|Publication number||US5209908 A|
|Application number||US 07/729,977|
|Publication date||May 11, 1993|
|Filing date||Jul 15, 1991|
|Priority date||Sep 25, 1989|
|Publication number||07729977, 729977, US 5209908 A, US 5209908A, US-A-5209908, US5209908 A, US5209908A|
|Inventors||WIlliam J. Koves, Roger L. Throndson, Kenneth D. Peters|
|Export Citation||BiBTeX, EndNote, RefMan|
|Patent Citations (7), Referenced by (23), Classifications (19), Legal Events (6)|
|External Links: USPTO, USPTO Assignment, Espacenet|
This application is a continuation-in-part of U.S. Ser. No. 412,051 filed on Sep. 25, 1989 now abandoned.
This invention relates generally to the contacting of fluids and particulate materials. Specifically this invention relates to the internals of reactors for fluid particle contact. More specifically this invention relates to the design of shallow profile conduits for the radial distribution or collection of gases in fluid particle contacting.
Numerous processes use radial flow reactors to effect the contacting of particulate matter with a gaseous stream. These processes include hydrocarbon conversion, adsorption, and exhaust gas treatment. These reactors contain a vertically extending annular bed of particles through which the gases flow in an inward or outward direction. The annular bed is formed by an outer screen element located along the outer diameter of the particle bed and an inner screen element located along the inner diameter of the particle bed. The outer screen element often consists of a series shallow profile closed conduits having an oblong cross-section that circles the outside of the particle bed and borders the inside of the particle containing vessel. The outer screen element can also be provided by a cylindrical screen or basket structure that retains particles in its interior and provides a gas distribution space about its exterior. This invention does not apply to such cylindrical screen or basket arrangements. One familiar geometry for the oblong conduits has a scallop shaped cross-section and such conduits are hereinafter referred to as scallops. Scallops are preferred in many applications due to lower cost and simplicity of design as compared to many continuous screen designs. The conduits have the oblong or scallop shape so that the backs of the conduits will fit closely against the wall vessel thereby minimizing the volume between the back of the conduit and the vessel and maximizing the central bed volume of the vessel.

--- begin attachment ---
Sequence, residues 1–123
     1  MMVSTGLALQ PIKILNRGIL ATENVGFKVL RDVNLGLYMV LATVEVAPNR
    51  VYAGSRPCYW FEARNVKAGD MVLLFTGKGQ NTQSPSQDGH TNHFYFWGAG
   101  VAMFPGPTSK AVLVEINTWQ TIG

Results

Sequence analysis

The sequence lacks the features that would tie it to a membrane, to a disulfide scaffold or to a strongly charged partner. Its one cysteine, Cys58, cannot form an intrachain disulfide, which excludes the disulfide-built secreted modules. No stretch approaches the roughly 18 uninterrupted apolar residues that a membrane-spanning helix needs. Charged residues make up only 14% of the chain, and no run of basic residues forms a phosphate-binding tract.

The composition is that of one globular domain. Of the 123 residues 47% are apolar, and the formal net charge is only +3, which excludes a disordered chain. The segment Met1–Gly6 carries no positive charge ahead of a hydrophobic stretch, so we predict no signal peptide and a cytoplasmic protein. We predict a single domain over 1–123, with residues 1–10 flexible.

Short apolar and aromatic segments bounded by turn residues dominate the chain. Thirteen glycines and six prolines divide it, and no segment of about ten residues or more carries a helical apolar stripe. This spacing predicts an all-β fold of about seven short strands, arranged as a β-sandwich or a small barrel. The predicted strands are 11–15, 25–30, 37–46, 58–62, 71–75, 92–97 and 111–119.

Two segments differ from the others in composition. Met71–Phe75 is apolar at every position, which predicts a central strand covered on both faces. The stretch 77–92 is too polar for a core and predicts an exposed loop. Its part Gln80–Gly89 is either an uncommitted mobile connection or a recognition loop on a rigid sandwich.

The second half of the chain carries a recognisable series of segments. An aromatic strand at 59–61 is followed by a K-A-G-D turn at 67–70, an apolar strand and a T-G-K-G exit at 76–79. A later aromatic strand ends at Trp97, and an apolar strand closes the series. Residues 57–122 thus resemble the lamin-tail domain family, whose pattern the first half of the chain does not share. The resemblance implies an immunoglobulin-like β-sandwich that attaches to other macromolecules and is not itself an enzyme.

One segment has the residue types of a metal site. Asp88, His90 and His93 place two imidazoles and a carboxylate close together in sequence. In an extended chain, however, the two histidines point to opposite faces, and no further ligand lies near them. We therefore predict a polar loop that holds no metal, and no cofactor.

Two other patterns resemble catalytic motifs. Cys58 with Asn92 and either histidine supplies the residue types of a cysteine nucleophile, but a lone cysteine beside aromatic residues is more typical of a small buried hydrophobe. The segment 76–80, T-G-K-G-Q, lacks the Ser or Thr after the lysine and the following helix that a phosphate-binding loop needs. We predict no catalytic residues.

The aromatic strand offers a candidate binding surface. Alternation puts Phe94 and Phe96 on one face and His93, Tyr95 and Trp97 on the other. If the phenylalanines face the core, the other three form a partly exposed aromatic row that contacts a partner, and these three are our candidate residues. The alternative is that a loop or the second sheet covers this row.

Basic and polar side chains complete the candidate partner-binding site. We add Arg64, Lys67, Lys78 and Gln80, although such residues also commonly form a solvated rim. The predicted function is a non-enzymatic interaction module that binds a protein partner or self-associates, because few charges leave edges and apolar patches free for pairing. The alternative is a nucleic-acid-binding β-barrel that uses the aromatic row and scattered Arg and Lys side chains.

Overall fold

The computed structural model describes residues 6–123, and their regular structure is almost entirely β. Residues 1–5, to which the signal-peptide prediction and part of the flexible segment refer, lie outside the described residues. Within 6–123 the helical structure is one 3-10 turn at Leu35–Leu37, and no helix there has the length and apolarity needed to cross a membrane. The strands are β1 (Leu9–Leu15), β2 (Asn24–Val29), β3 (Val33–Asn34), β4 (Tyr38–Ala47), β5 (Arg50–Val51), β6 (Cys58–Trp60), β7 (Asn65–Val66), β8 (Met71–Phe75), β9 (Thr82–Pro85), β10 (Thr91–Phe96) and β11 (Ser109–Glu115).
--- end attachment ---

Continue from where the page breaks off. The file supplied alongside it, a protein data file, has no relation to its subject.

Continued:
Unfortunately, the space between the vessel wall and conduits or scallops cannot be completely eliminated and such reactors in some applications suffer from problems of support crushing and/or coke accumulation between conduits or scallops and between the back of the scallop or conduit and the vessel wall. Both of these problems stem in part from the closed structure of the scallop and its placement against the wall of the contacting vessel which still leaves the small space between the back of the scallop or vessel and the reactor wall. Crushing of scallop supports occurs when the scallops are supported by the vessel wall and hot vapor first enters or leaves the vessel thereby quickly heating the relatively thin scallops which expand rapidly while the vessel wall, which is not in direct contact with the vapor, expands at a much slower rate thereby crushing the scallop supports. Since direct vapor flow does not reach the space between the back of the scallops and vessel wall, catalyst between scallops also remains relatively inactive since the vapor tends to flow primarily out of the front face of the scallop. As a result, these spaces remain inactive or dead so that solid deposits can accumulate behind or between the scallops. These deposits include reaction products and reaction by-products. One such deposit is coke that commonly forms in reforming reactions. In extreme cases, coke deposits have pushed scallops away from the wall of reforming reactors.